Brian Macharia, the 28-year-old man alleged to have been killed at Wingu Bistro Club in Ruaka, Nairobi, on Sunday night, was an always smiling, adventurous and charismatic man, his family has said.
He had spent the previous day with his family, working on plans for a proposed business with his brother-in-law. The wives of the two are sisters, and they fondly referred to each other as Wakanairo (Sheng for ‘man from Nairobi’).
Martin King’ori, the brother-in-law, said the two and their wives had spent the early hours of the day at Mr King’ori’s home. After having lunch, the men went to Karen to check on an Isuzu D-Max pickup truck that they had purchased jointly.
“We also purchased a pickup carrier, took it to a garage on Ngong Road before proceeding home. We had supper at my house and a drink before he and his wife left for home,” Mr King’ori.
They were to meet again on Saturday evening when the events of the busy day lessened, but it was never to be.
“He was supposed to pass by my house so we could deliberate on some issue. When I called him in the early hours of the evening, he told me that he would call me back at 11pm. When I called him about 13 minutes past midnight, he said he would call me back, and then hung up,” Mr King’ori says.
“I could hear noise in the background, so I could tell he was in a bar. Twenty minutes later, I got a call from his phone, and the person he was drinking with said Mr Macharia had been thrown out by a bouncer.”
By the time Mr King’ori made his way to the club to find out what was going on, police officers from the Karuri Police Station had arrived and were processing the scene.
Mr Macharia is said to have broken a glass before he was allegedly assaulted by the bouncer. His fractured and lifeless body was found on the ground floor of a six-storey building, whose topmost floor is occupied by the club.
Three suspects, including the bouncer who was seen in a viral CCTV video assaulting Mr Macharia and two waiters, have since been arrested.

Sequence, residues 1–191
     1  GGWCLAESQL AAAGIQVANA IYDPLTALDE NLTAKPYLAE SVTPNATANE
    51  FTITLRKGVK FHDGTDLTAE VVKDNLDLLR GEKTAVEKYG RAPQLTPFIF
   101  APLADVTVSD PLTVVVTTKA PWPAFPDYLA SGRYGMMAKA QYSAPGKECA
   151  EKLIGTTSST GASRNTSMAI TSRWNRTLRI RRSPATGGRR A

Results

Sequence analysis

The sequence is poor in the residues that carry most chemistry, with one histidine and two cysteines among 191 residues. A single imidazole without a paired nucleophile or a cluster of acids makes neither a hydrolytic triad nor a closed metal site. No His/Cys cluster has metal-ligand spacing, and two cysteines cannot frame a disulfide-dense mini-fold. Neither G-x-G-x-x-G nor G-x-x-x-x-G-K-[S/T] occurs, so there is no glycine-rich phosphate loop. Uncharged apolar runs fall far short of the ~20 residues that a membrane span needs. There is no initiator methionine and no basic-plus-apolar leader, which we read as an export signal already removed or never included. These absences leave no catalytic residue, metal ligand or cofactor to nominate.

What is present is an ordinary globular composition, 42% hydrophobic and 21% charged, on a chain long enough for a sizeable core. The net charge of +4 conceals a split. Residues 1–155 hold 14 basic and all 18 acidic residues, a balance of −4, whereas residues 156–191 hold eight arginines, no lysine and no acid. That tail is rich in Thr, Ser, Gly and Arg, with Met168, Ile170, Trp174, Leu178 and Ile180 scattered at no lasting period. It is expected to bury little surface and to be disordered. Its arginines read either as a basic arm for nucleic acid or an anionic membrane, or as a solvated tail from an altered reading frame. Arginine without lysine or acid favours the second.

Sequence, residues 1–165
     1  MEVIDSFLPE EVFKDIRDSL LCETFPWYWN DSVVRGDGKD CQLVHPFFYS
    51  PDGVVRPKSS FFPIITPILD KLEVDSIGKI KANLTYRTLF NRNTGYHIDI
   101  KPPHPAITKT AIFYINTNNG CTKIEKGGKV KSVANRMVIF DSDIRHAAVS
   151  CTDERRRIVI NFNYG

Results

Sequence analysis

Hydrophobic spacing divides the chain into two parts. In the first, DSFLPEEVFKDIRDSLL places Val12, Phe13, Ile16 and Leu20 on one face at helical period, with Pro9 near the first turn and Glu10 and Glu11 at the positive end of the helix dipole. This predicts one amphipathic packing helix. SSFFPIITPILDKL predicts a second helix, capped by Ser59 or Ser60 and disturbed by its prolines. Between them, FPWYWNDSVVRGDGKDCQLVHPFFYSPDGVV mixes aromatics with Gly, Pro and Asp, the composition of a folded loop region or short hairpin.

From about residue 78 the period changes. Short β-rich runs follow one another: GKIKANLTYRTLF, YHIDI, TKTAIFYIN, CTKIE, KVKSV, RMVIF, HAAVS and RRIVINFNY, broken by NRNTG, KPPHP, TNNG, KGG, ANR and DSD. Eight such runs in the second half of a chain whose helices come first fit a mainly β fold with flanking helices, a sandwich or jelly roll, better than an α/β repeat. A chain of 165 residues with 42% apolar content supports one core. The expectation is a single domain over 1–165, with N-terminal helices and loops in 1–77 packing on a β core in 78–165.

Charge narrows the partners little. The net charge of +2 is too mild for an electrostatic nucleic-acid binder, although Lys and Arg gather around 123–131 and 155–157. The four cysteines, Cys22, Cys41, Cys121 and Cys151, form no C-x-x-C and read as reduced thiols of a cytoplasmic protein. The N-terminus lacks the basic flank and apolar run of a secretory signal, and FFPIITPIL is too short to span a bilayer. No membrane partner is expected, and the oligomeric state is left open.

“Postmortem results showed that Macharia died of severe injuries and organ damage. He had broken arms, legs and ribs. His kidney and liver were ruptured as well,” says King’ori.
Mr Macharia studied at Thika High School and later joined St Paul’s University for a bachelor’s degree in business administration, majoring in finance.
He dreamed big. Mr King’ori said Mr Macharia wanted to own a wholesale alcohol business, and this is why they jointly purchased the pickup.
At the time of his death, Mr Macharia had worked as a supplier of wines and spirits in Banana and Ruaka for three years.
“He had no rival that I knew of, and if there was, he never told me. Now that this has happened, I am speculating that he might have had one. I mean, how do you beat a grown man to death?” the agitated Mr King’ori says.
“He disliked violence, was jovial and outgoing. He was always happy and funny. I will miss him dearly. His wife and parents are still grieving, and they cannot speak as of now. We are yet to organise his funeral and set a burial date.”
Mr Kingori’s wife, Ginnet, remembers her brother-in-law as a man who always had a solution to every problem: “He made it so easy for everyone to be around him. He was the life of the party, and was loved mainly because he could relate with people from all walks of life. We will miss him so much.”
Augustine Mutembei, the Directorate of Criminal Investigations officer in charge of the case, revisited the scene on Monday. He said police wanted to find out whether the opposite building had CCTV cameras, whether they captured any footage and if so, review them to obtain more information about the events of that night.